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When you attempt to start the car and the lights do not come on, does cycling the key a few times result in a change and them working? The first thought is that the ignition switch is failing, but one has to also consider that you could be losing power to the switch. A good electrical technician would solve this easily.
It should slow down, but not necessarily stall. You should achieve a minimum idle speed approx 600rpm in drive with that disconnected.
The code means that the camshaft position sensor signal and the crankshaft position sensor sinals are not in sync with each other where the PCM expects them to be. The potential causes are the timing belt (if used ) could be off a tooth, the camshaft actuator could be stuck, the camshaft actuator oil control valve could be faulty, and/or passages inside the engine could be sludged.
This needs to be diagnosed, and that requires some of the steps be done with a scan tool, preferrably the techII.
System posted the reply twice
It is normal for an engine to use oil. You simply have to be in the habit of checking and adding as required and it not only won't hurt anything, the additional additive package with the fresh oil added between changes will actually improve your engine's life. Oil useage is not considered excessive until it results in driveability issues such as fouled spark plugs, and that usually doesn't become an issue until the useage gets to be more than a quart in 500 miles.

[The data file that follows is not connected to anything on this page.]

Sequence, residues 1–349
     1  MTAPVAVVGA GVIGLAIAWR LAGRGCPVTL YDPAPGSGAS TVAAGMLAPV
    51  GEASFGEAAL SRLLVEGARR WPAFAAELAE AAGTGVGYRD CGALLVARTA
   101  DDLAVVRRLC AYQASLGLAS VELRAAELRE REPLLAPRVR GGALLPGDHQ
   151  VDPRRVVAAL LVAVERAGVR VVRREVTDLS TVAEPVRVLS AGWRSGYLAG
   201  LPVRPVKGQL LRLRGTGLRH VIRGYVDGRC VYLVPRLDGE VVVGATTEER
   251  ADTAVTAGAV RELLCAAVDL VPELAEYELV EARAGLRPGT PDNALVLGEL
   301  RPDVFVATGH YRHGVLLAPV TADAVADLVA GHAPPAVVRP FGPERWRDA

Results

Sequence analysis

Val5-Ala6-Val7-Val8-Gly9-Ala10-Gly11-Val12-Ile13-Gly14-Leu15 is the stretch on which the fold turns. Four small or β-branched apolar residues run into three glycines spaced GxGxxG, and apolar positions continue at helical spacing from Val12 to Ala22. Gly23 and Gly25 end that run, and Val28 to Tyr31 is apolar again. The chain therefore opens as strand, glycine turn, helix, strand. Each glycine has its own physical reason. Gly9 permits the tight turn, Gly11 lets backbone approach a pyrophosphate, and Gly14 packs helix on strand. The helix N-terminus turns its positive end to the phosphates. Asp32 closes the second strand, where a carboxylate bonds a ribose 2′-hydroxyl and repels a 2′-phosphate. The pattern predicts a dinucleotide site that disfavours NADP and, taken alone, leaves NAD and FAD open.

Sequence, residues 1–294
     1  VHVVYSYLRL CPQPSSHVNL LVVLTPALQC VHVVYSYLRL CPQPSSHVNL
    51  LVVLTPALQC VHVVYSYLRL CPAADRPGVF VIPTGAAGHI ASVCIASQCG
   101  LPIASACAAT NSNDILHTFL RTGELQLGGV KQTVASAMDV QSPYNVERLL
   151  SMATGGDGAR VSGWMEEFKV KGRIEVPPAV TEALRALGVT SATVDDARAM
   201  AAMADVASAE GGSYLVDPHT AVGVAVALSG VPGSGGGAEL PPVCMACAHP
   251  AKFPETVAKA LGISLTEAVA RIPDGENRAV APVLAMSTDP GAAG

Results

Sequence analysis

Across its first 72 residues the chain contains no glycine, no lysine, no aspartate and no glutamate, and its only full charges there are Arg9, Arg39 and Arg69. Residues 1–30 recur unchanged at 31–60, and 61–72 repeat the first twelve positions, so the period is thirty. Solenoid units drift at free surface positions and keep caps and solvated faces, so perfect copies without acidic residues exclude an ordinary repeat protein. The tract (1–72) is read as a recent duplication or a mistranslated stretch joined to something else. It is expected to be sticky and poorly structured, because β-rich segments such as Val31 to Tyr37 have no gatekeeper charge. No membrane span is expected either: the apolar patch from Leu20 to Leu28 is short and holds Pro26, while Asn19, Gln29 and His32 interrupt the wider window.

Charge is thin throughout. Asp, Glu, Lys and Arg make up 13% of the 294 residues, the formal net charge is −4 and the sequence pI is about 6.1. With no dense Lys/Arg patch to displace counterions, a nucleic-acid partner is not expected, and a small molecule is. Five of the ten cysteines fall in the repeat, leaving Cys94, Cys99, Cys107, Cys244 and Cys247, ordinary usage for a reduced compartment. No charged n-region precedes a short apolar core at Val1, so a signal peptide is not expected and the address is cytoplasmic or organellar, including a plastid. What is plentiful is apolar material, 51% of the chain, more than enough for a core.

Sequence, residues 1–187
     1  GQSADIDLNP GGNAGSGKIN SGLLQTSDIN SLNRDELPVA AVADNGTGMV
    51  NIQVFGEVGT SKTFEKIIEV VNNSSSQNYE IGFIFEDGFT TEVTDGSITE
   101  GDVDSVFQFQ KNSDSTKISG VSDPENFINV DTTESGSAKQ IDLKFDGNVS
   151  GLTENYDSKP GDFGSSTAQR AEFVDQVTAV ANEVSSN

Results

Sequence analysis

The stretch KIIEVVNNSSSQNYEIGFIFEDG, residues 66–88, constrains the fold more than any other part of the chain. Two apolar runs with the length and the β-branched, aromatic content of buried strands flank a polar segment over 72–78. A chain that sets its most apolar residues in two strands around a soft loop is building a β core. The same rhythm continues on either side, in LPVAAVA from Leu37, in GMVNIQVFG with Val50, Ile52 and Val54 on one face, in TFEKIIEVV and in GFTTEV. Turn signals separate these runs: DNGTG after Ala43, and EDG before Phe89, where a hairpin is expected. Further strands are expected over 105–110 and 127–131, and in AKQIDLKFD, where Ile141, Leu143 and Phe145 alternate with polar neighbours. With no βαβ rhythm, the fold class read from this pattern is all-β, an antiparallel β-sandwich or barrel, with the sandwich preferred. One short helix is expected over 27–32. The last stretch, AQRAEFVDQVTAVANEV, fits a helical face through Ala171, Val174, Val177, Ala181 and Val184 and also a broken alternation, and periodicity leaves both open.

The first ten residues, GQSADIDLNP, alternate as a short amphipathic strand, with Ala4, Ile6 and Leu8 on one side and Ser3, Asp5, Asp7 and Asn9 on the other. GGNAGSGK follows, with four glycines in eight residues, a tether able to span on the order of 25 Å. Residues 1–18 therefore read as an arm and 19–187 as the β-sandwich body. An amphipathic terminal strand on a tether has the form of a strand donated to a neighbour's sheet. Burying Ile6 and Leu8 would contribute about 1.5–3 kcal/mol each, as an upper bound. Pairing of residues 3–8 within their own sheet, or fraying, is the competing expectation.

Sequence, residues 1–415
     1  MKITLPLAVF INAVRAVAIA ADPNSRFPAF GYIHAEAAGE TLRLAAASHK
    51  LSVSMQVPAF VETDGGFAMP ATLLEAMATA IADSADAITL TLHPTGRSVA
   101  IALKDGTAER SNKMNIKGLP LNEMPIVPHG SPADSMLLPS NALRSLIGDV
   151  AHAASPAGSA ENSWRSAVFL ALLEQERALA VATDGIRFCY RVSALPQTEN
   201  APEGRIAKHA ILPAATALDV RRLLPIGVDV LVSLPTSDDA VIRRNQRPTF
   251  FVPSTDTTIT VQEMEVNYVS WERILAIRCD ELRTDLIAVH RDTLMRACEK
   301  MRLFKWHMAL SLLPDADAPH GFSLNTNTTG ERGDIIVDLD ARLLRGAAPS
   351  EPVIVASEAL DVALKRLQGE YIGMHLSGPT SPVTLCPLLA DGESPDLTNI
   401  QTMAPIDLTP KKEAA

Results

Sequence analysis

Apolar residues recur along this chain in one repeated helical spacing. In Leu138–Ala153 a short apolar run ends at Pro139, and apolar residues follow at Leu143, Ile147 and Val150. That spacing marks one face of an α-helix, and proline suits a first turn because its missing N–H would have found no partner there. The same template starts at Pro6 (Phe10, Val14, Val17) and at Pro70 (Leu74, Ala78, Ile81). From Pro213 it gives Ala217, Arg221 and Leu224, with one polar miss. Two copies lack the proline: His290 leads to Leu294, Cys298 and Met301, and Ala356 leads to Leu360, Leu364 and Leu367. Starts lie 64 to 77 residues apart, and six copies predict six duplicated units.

Was there any activation of the ABS just before coming to a stop before the lights finally came on? The question about whether it is safe to drive or not cannot truly be answered in a forum like this. Essentially one could easily guess either way but no-one really knows until they first check the brake fluid levels and then see what the pedal feels like and then if it feels safe drive it and see what the car is doing while pulling codes and monitoring system data. WBVP's Saturday Morning Mechanic
You have posted multiple times. Here is the answer you need. When the system is tested the technician will need to make sure that the pressure equalizes when the system is shut off. We have been finding restricted receiver driers caused by coking of the oil due to poor airflow in the condenser.
When the system is tested the technician will need to make sure that the pressure equalizes when the system is shut off. We have been finding restricted receiver driers caused by coking of the oil due to poor airflow in the condenser.
We need to attach a scan tool and take a look to see if all of the inputs and commands are taking place between the shifter console, the transmission and the front control module. We can handle this if you still need help.